Aviation associations have welcomed Government plans for a new “test and release” scheme, enabling passengers arriving into England from locations without a travel corridor to cut their quarantine period from 14 days to five days.
Travellers will have to book their tests through a government approved private provider listed by Gov.uk, with those testing negative for COVID-19 able to shorten their isolation period. The measures start on December 15.
Travel strategy released with financial support scheme for airports
Under the government’s ‘Test to release for international travel’ strategy, passengers arriving into England by plane, ferry or train will have to book their test before they travel; must complete a passenger locator form and will still need to self-isolate for five days before taking a test – rather than taking it at their port of arrival.
Transport Secretary Grant Shapps, said: “We have a plan in place to ensure that our route out of this pandemic is careful and balanced, allowing us to focus on what we can now do to bolster international travel while keeping the public safe.
“Our new testing strategy will allow us to travel more freely, see loved ones and drive international business. By giving people the choice to test on day five, we are also supporting the travel industry as it continues to rebuild out of the pandemic.”
The ‘Test to Release’ scheme was announced along with a new financial support scheme for English commercial airports and the ground handlers serving them. The support will address fixed costs and be equivalent to the business rates liabilities of each business, capped at up to £8 million per site, and subject to certain conditions. This scheme will open in the New Year.
New measures will “restore consumer confidence and protect jobs”
ADS Chief Executive Paul Everitt welcomed the move. He said the current restrictions were having a detrimental effect on manufacturing: “Giving travellers the chance to reduce quarantine from two weeks to five days from mid-December is a significant step towards the restart and recovery of UK aviation and aerospace.”
“Strict restrictions on travel have seriously impacted UK aerospace manufacturing. These measures will help restore consumer confidence and protect the many thousands of high-value jobs now at risk. The Government must build on the test and release scheme to create, with our international partners, a more resilient approach to travel corridors. This will ensure further changes in domestic arrangements do not undermine consumer confidence and industry recovery plans.”
Quarantine policy has “crippled UK aviation industry”
BALPA, the British Air Line Pilots Association, also welcomed the move but added that the government needed to do more to boost customer confidence and rebuild the industry.
General Secretary Brian Strutton said: “At long last the Government is starting to unwind the policies that have crippled the UK aviation industry but it is not enough and further urgent action is necessary. Confirmation of the lifting of the ban on international leisure travel, introducing the option of a shorter quarantine period and direct financial support for airports is a hat-trick of welcome news.”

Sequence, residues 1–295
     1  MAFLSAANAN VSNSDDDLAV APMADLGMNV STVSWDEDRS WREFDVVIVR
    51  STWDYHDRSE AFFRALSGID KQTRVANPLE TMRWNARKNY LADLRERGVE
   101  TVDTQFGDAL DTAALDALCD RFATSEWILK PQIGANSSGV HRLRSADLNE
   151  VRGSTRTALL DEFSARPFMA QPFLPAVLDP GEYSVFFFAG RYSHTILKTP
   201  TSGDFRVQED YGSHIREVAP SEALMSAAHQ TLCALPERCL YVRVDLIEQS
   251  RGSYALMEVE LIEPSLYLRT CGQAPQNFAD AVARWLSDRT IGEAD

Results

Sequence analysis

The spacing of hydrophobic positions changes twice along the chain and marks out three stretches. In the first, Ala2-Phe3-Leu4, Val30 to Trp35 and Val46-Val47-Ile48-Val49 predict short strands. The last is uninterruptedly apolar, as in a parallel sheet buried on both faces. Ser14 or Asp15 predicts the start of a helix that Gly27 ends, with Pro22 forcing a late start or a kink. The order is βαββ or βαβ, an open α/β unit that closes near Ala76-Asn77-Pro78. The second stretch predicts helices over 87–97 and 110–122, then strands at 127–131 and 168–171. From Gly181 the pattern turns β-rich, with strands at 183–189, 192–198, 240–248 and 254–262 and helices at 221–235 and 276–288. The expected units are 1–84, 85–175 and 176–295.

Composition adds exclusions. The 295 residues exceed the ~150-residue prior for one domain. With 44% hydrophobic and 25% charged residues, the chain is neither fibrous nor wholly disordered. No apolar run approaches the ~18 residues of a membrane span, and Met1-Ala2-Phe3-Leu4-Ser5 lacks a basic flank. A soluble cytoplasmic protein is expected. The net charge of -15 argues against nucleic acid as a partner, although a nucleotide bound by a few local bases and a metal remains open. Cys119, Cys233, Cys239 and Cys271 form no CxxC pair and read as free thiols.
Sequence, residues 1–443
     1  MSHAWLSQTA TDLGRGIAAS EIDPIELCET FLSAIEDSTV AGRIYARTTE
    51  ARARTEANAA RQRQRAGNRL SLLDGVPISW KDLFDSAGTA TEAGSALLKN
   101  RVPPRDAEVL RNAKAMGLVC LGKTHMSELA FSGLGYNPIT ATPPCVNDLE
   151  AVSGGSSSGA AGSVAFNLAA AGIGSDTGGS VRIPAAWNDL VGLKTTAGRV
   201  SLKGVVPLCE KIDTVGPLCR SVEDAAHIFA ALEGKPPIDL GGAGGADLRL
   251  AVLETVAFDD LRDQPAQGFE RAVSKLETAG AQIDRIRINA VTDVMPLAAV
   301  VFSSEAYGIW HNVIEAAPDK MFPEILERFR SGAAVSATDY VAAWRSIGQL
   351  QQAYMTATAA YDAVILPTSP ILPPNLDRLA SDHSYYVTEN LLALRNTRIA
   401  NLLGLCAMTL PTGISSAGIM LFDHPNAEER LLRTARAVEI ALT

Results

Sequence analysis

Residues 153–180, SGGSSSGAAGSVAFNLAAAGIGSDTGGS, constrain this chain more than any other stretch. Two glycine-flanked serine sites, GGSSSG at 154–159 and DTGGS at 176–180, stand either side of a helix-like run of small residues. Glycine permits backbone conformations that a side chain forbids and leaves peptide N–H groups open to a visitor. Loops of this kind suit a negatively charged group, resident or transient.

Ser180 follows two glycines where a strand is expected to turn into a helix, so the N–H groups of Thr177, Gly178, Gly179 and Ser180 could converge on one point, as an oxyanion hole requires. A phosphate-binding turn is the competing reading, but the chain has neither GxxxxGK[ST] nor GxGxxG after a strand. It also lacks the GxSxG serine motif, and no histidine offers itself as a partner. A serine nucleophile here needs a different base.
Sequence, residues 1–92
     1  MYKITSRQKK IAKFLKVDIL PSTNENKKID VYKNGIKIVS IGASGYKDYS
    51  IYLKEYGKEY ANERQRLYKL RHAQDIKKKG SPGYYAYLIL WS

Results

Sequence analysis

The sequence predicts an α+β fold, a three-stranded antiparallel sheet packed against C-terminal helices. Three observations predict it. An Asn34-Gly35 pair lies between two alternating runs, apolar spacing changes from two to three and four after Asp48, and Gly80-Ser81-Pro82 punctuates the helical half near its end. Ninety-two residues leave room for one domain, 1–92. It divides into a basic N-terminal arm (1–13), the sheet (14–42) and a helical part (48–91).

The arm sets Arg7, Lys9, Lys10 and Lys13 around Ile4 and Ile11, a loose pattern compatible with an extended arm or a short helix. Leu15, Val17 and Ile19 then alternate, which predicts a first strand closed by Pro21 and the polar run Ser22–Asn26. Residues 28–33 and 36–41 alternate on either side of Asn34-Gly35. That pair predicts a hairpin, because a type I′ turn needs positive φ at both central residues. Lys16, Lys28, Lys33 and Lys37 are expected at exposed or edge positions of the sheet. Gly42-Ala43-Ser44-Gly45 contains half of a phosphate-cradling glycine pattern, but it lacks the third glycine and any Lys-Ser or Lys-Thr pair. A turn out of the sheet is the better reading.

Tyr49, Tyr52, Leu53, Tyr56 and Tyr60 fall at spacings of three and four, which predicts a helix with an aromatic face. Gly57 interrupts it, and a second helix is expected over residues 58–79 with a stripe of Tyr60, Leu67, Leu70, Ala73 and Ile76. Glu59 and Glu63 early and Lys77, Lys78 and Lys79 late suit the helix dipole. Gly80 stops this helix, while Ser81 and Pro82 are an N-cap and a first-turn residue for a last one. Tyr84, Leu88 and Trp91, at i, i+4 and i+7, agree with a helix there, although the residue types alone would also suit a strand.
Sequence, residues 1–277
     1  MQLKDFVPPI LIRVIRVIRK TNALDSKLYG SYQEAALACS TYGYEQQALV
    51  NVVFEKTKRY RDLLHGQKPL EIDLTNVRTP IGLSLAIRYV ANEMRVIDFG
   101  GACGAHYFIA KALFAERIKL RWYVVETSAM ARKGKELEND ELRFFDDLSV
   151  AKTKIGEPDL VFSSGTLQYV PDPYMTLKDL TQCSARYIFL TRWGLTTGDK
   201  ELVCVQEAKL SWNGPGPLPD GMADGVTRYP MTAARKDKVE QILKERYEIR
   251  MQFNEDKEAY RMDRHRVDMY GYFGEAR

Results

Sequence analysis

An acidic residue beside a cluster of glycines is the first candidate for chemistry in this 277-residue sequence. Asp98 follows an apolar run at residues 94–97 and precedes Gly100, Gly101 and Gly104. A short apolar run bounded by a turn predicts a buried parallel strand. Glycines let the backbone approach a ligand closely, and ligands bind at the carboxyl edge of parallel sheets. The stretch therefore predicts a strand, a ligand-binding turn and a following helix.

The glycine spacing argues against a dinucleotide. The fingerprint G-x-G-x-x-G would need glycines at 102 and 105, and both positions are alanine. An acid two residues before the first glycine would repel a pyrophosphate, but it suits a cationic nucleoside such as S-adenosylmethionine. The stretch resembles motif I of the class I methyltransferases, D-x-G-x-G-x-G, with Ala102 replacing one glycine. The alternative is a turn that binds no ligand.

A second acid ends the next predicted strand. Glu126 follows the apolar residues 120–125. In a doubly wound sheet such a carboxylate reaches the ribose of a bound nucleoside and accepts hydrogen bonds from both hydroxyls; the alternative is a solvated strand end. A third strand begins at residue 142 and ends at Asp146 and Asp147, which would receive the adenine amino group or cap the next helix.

“But it is vital that more is done urgently to give customers the confidence to book holidays for next year and businesses the confidence that UK aviation can cope post-Brexit in 38 days time. Critically, Government should firstly set a date when it aims to replace quarantining with airport testing so that everyone can plan towards that and secondly Government should support the operational and skills infrastructure that will be needed for aviation to recover.”
Support aimed at helping aviation sector “take off again” – Sunak
Chancellor of the Exchequer, Rishi Sunak, said: “The aviation industry is vital to our economy – creating jobs and driving growth- which is why we have supported them throughout this crisis through the job retention scheme, loans and tax deferrals. This new package of support for airports, alongside a new testing regime for international arrivals, will help the sector take off once again as we build back better from the pandemic.”
The Government has considered the evidence which demonstrates that a test after five days of self-isolation provides materially better results than just having a test on arrival, as it allows time for the virus, should it be present, to incubate helping reduce the risk of a false negative result.
Many countries have not implemented border testing regimes border. Germany and Iceland both initially rolled out schemes involving a single test on arrival and no self-isolation – but have subsequently revised their approaches due to testing capacity and levels of imported cases, and now require tests to be taken after five or six days of isolation.
Since June all travellers arriving in the UK from outside of areas covered by a travel corridor have had to enter a 14-day quarantine period. Both airlines and tour operators had been calling on the government to implement testing procedures for international arrivals instead of blanket quarantine measures for the past few months. The second national lockdown will end on December 2.